The West should have exerted maximum pressure on Israel - GulfToday

The West should have exerted maximum pressure on Israel

Michael Jansen

The author, a well-respected observer of Middle East affairs, has three books on the Arab-Israeli conflict.


A bus, motorcycles, and other vehicles move across a pedestrian intersection along a street in Tehran on April 14, 2024. Agence France-Presse

Ignoring rising tensions spooking Israelis, the US, and regional players fearing Tehran’s retaliation for Israel’s bombing of the Iranian consulate in Damascus, Iran opted for unprecedented military action.   This was the first time a state struck Israel since 1991 when Baghdad launched Scud missiles during the US-led war to drive Iraqi forces from Kuwait. Despite serious international and regional pressure to show restraint, Iran launched 330 slow-moving cruise missiles and armed drones at Israel.

Ninety-nine per cent were intercepted by Britain, France, and Jordan before reaching Israeli airspace and by Israel before striking targets.  One girl was wounded, and little damage was done at an Israeli air base. Once it was reported that this was the case, The New York Times reported Israel called off retaliation. Tehan counted the raid as a success because it sent a message to Israel that it cannot target Iranian military personnel with impunity while Israel and its allies regarded the coordinated defence against the attack as a victory. This made this event a win-win exercise for both sides.

Iran announced this attack was a one-off but warned that if Israel struck Iran, it would respond with greater force.  This could be lose-lose for both if Israel retaliates. While US President Joe Biden praised the Israeli military for defending the country against the Iranian strikes, he also said the US would not take part in an Israeli retaliatory attack on Iran.  Biden also said he would consult with the Group of Seven largely Western world leaders on how to reply diplomatically to Iran’s attack. Despite his pledge to honour the “ironclad” US support for Israel, his refusal to join Israel in an attack on Iran could signal a shift away from Biden’s total backing for Israel during its deadly and devastating war on Gaza.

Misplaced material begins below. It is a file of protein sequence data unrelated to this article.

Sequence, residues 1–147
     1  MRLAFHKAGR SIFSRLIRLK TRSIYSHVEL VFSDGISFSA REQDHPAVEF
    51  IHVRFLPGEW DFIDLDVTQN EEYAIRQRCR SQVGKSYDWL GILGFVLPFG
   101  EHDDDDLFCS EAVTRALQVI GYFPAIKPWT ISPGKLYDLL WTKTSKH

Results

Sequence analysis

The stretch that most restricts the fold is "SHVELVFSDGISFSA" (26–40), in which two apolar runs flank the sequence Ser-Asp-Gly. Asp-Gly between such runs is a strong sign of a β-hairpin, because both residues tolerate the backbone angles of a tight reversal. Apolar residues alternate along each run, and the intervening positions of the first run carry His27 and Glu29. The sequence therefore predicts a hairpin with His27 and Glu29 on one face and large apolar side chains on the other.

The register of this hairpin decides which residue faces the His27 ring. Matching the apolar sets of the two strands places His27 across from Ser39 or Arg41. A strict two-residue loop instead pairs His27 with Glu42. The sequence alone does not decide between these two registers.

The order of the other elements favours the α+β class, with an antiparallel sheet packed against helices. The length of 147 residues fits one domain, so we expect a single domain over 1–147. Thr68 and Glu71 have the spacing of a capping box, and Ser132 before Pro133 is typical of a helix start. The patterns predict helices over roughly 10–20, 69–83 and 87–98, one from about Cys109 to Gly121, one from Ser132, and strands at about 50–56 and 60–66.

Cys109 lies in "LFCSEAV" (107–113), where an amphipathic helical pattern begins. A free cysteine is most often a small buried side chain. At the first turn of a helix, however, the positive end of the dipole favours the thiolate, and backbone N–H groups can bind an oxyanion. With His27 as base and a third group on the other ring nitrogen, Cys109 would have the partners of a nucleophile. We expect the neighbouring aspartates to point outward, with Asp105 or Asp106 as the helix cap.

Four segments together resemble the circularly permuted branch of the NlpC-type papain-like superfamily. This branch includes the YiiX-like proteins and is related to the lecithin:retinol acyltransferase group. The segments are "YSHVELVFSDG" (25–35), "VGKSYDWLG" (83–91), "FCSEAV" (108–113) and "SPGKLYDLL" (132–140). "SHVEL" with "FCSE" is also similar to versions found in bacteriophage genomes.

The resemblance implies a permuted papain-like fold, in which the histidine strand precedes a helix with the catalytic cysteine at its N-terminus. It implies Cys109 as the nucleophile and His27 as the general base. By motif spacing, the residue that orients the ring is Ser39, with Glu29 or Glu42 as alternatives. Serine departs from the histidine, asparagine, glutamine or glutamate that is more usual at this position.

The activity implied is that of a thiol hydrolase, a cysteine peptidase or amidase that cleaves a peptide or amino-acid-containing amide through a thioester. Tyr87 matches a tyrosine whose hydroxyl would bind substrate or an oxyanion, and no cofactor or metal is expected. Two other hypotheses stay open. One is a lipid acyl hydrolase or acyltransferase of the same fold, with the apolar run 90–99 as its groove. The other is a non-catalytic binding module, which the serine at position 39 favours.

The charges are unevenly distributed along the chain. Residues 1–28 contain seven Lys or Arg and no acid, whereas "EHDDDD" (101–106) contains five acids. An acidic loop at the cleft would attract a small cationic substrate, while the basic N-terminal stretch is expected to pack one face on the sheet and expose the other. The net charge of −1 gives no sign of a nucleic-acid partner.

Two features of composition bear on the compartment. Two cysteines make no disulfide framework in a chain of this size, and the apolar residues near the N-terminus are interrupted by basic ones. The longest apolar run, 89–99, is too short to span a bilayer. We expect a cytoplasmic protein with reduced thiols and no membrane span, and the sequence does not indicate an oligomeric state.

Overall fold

Nevertheless, Israeli Prime Minister Binyamin Netanyahu may regard Tehran’s barrage as a chance to hit Iran hard, risking regional conflagration.  He has been waiting for just such an opportunity for more than 20 years and has not responded positively to US, European and regional pressures to end his war on Gaza and limit cross-border exchanges with Hizbollah in Lebanon.  Yesterday, Netanyahu stepped up bombing of Gaza and Hizbollah while considering what to do about Iran.

Regional commentators hoped that Iran would confine its punishment of Israel for the April 1st bombing of the Iranian consulate in Damascus to Saturday’s seizure by Iranian Revolutionary Guards of an Israeli-owned ship near the Strait of Hormuz. By hijacking the Portugal-flagged container vessel Aries, Iran not only retaliated against Israel by expropriating the private property of an influential Israeli but also acquired hostages among the 25 crew, making it difficult for Israel to bomb the ship. But this operation was a distraction and deception. It was all too clearly only the first part of Iran’s retaliation for the April 1st Damascus operation, which killed  seven senior Guards officers and for Israeli strikes which killed 11 other officers in Syria since Hamas attacked Israel on October 7th.